Pacific nations send a message on Ukraine – and great power rivalries

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Pacific states are watching Ukraine because their sovereignty and territorial integrity can also easily be violated.

By Patrick Kaiku

Russia’s invasion of Ukraine vividly demonstrates how great power politics can shatter confidence about universal adherence to international norms. When the international order is undermined, it is usually small states that seek assurances to promptly redress that order to ensure their own prospects of survival.

For militarily weak states in the Pacific, the images of sophisticated weaponry being unleashed on a smaller country is not a pleasant sight. This is why the Ukraine crisis appears to have struck a chord with Pacific Island countries, and is receiving wide coverage across the Pacific, and especially, Papua New Guinea.

Although foreign affairs have little electoral value in the domestic politics of PNG, the implications of the current crisis in Ukraine are telling. Pacific states are attentive to the conflict unfolding in Ukraine because their sovereignty and territorial integrity can also easily be violated in possible geopolitical confrontation in the region. With limited capabilities in asserting their independence, one can understand the response to the Ukraine crisis by Pacific Island states.

Former Marshall Islands president Hilde Heine once said that the plight of states in the Pacific islands serves as a reliable indicator for understanding global challenges. Pacific Island states such as PNG voted in support of the United Nations resolution condemning Russia’s invasion of Ukraine. The diplomatic message communicated in this UN vote by Pacific Island states should therefore be insightful for policymakers in Canberra, Wellington, Washington and Beijing, and a benchmark of future engagements by these powers in the region. It amounts to recognition that what is transpiring in Ukraine can happen anywhere in the world, even in the Pacific.

In the aftermath of the UN vote, Russia’s ambassador in Jakarta, Lyudmila Vorobieba, also accredited to Port Moresby, expressed regret over PNG’s vote. But one obvious factor influencing PNG’s vote was on pragmatic grounds. Historically, compared to other regions of the world, Russia’s diplomatic footprint in PNG and its bilateral engagements with PNG has not been extensive. On the global stage, there is nothing resembling any intricate alignment of PNG’s national interest to Russian outreach activities in the world. Unlike other Pacific Island countries in the decades after the Cold War, notably Fiji or Nauru, PNG’s relations with Russia have not extended into important areas such as trade. To be fair, PNG’s foreign relations since independence in 1975 have also lacked adventurism, restricted only to more traditional powers in the region. PNG therefore had greater flexibility in the vote at the United Nations without worrying about undercutting possible sources of aid and development assistance from Russia.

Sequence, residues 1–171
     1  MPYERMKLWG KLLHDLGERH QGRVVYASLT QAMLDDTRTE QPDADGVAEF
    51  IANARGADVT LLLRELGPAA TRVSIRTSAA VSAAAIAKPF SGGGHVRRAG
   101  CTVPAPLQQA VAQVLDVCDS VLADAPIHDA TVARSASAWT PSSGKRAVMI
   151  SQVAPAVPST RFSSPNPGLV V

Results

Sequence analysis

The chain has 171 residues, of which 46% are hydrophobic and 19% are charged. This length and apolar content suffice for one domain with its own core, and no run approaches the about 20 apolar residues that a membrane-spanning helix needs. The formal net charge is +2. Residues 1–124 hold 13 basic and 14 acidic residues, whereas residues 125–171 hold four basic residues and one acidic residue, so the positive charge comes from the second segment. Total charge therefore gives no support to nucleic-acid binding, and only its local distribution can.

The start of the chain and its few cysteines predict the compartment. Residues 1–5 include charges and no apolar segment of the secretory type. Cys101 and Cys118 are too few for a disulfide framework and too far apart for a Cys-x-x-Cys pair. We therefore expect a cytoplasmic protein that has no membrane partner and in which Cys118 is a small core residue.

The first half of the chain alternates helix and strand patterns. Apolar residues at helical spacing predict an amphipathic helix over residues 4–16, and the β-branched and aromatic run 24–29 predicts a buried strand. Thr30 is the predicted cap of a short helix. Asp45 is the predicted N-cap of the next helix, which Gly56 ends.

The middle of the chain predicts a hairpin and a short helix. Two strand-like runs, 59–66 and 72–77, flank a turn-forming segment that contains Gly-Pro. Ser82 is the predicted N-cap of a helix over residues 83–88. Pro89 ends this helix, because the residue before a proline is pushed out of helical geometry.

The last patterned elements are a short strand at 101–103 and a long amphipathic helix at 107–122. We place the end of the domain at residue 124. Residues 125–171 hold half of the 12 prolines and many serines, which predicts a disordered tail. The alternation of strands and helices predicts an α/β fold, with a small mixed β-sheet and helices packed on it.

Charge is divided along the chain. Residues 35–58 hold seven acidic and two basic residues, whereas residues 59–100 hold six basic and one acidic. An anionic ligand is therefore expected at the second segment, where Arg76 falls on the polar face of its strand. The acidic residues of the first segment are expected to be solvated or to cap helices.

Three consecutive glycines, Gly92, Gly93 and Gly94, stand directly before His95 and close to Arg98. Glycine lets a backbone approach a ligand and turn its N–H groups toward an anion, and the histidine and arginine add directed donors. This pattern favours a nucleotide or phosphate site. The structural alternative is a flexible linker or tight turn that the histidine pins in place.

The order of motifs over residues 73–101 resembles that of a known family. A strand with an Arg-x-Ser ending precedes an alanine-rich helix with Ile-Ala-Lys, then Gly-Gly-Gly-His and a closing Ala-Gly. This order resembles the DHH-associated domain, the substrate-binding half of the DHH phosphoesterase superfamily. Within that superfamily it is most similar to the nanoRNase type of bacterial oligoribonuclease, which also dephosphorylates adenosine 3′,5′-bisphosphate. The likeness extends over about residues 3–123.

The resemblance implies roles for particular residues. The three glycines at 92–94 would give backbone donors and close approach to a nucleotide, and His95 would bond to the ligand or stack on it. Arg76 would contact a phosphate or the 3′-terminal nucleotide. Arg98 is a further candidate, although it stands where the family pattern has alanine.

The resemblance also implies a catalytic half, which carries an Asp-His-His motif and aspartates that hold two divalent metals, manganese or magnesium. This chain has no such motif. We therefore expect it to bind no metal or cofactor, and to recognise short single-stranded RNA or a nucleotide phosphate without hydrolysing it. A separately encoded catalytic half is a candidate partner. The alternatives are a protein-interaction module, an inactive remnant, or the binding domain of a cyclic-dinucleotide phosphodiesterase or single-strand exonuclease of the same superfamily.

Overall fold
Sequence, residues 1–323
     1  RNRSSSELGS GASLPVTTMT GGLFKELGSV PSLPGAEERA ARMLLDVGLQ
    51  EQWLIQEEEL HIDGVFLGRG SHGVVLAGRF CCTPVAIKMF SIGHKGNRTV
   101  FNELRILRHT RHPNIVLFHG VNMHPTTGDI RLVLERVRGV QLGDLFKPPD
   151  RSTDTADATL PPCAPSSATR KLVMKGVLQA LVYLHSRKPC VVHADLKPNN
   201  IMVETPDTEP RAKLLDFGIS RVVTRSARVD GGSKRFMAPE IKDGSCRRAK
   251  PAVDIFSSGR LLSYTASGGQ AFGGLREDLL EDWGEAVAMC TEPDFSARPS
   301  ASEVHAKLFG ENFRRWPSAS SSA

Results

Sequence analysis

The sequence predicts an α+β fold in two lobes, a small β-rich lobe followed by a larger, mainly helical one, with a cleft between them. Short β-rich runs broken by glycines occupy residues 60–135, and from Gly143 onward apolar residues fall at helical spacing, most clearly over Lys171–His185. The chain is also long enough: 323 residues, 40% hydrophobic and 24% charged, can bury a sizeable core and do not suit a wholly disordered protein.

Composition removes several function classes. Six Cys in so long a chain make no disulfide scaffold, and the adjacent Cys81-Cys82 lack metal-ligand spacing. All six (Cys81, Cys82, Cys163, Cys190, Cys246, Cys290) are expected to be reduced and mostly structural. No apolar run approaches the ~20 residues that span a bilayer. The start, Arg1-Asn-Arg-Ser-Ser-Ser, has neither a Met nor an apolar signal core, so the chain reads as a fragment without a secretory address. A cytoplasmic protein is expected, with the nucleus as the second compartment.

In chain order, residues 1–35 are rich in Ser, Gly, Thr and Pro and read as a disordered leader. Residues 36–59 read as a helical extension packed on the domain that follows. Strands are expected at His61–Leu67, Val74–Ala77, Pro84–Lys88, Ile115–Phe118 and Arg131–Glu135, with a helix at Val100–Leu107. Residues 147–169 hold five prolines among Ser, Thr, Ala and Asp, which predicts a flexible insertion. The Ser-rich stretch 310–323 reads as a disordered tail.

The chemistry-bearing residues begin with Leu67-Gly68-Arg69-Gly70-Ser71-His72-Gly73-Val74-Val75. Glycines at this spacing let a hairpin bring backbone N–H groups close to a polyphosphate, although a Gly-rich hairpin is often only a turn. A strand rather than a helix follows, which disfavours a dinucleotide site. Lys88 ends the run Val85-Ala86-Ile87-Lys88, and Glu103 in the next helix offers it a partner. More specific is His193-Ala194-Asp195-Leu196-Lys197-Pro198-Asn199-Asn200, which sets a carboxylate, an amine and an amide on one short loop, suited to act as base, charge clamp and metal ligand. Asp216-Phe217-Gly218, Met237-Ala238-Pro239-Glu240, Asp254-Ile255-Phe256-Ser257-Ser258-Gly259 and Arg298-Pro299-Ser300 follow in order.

The vote by PNG, much like that of other Pacific Island countries, can also be attributed to what one analyst has described as narrative control power by the United States. Russia’s image as a violator of international norms is socially constructed by powers that have the means to do so. The invasion of Ukraine has been effectively framed as a case of a disruptive autocratic regime invading a peaceful neighbour. The United States has developed a proficiency in defining what is considered to be threats to international peace and stability.

There is a wariness in the region of the adverse consequences of geopolitical rivalry, whether it is on the European continent or in the Pacific Ocean.

Pacific states effectively follow suit without the corresponding efficacy in defining what matters most to their own survival in the world. In years gone by others authors have noted how former Samoa Prime Minister Tupua Tamasese Efi “used to wish the major powers would let the Islands nations choose their own enemies (and define their own terrorists?)”. The dramatic narrative of global survival hinging on a particular threat is not effectively generated from a Pacific perspective. Satyendra Prasad, the Fijian envoy to the United Nations speaking during the UN vote, offered clarity on what matters to Pacific Island communities when urging the need to treat climate change as equally worth addressing after peace is restored in Ukraine.

Another important factor that influenced PNG’s position was based on the strong sense of wanting to present the Pacific region with a unified voice. All Pacific Island countries voted to condemn Russia’s invasion of Ukraine during the 2 March emergency special session of the General Assembly – even Nauru, which had previously given diplomatic recognition to Abkhazia and South Ossetia, two break-away Russian-speaking provinces of Georgia at the heart of a 2008 conflict. This collective diplomacy can perhaps be attributed to the effectiveness of the Pacific Islands Forum, the premier regional multilateral organisation in the region. But is perhaps also shows how Pacific Island countries understand their own sense of vulnerability.

As demonstrated in the language of the 2018 Boe Declaration on Regional Security, Pacific Island states expressly affirmed the importance of the rules-based international order, and the conduct of their national affairs without external influence or coercion. There is a wariness in the region of the adverse consequences of geopolitical rivalry, whether it is on the European continent or in the Pacific Ocean. Implicitly, the vote against Russia over Ukraine could well be interpreted as a candid reassessment of the regional outlook in the Pacific, the Pacific Islands unanimously reading from the same script about their own predicament in dealing with great power politics.

SOURCE: THE INTERPRETER/PACNEWS